He was criticised for his multiple chairmanships. Critics of the SER in particular wanted him to devote his full attention to that line. More generally he was charged with attempting too much - and that rather than the three chairmanships is a more serious charge. He was even an executive chairman of the SER from the death of Eborall in 1873 to Fenton's appointment in 1880, not unconnected I suspect with his difficulties with the SER board in this period. He himself thought, probably wrongly, that he would have succeeded with the Channel Tunnel project in 1882 had he given up all other work and spent £100,000 on persuading the public. Because he took on so much he made mistakes but they perhaps arose from poor judgment as much as from too much work. His ability to manage an up and running system did not extend to being sufficiently critical of the novel project. His temperament except when he was under severe strain was excessively sanguine and the fact that he could persuade people to support schemes by his mere personality led him into ventures which others would have left on one side. It also led him to err on the high side when issuing stock - the continually expected improvement in the company's fortunes would justify the rate of interest. He led others to believe in his optimism, and they were sometimes victims of his unsound judgment but he did not set out to deceive.
He had a greater openness to new developments, and was capable of taking a broader view than his peers - e.g. in his advice to the MSLR Board not to oppose the Manchester Ship Canal. If the people of Manchester wanted it it did not lie with them to oppose it. He misjudged potential passenger flows in the case of the East London Railway and the Inner Circle, but the completion of the latter for which he struggled hard was a public benefit. He made the MSLR a coast to coast line which helped ensure the success of Grimsby which he justifiably told a select committee he made, though the initial heavy investment was past the point of no return before he joined the MSLR. He ensured that the GNR and Midland paid their share of the MSLR's expansion in Lancashire and Cheshire. Because he had so many ideas he had many failures - among them the extraordinary attempt to develop across Channel service to Treport, and the Port Victoria experiment. The failure of the Channel Tunnel was at one level caused by an incompatibility between the British and French approaches to economic and railway enterprise, at another by Wolseley's inflammation of British public opinion, but at another by Watkin's tactics and temper. His misjudgment of the Chairman of the new Hudson's Bay Company which he had spent so much effort in successfully creating led to his not playing the major role in the development of trans-Canadian transportation that he might have achieved.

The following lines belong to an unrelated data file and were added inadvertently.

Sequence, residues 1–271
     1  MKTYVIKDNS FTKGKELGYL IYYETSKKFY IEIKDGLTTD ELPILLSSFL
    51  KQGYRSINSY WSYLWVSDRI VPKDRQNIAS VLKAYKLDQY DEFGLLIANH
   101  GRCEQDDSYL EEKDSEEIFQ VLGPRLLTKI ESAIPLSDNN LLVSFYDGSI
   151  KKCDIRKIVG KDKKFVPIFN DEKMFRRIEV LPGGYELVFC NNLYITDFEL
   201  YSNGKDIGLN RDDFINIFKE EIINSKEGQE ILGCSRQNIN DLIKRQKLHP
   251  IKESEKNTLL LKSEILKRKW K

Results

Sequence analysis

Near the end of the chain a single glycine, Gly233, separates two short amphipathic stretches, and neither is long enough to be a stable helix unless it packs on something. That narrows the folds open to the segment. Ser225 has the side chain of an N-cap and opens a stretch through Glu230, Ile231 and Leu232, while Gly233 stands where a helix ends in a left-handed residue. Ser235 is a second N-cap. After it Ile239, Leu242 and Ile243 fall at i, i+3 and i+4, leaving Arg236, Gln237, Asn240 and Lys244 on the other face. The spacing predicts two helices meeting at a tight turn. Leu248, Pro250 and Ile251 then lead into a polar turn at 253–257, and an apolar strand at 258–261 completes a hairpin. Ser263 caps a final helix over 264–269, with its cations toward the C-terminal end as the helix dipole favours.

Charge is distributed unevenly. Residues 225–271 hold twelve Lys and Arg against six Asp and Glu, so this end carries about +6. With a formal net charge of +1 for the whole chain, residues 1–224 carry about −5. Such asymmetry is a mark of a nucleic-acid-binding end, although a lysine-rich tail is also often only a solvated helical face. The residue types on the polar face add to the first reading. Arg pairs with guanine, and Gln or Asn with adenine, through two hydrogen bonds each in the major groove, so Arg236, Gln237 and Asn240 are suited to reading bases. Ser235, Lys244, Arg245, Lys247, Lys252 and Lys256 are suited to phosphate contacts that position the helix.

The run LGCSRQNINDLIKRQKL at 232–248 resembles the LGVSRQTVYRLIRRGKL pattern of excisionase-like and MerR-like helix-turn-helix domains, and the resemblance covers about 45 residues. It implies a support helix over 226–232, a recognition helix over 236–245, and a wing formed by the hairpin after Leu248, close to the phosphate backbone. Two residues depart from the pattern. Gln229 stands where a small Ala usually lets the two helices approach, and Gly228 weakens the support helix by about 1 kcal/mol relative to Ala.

While he had a wider vision than most of his contemporaries in railway management in Britain and was ready to challenge some of their preconceptions, by the late 1880s and 1890s he no longer attended the railway Companies Association and rather abandoned any attempt to participate in general debates about the key issues then facing British railways - how they could increase levels of service in their competitive situation and how could they meet the challenge of the traders to railway rates at a time of declining prices and rising labour costs, and concentrated mainly on his own companies but also a range of other interests - Indian railways where he succeeded in eliminating a gauge break, his Welsh estate, Welsh railways, the Wembley tower.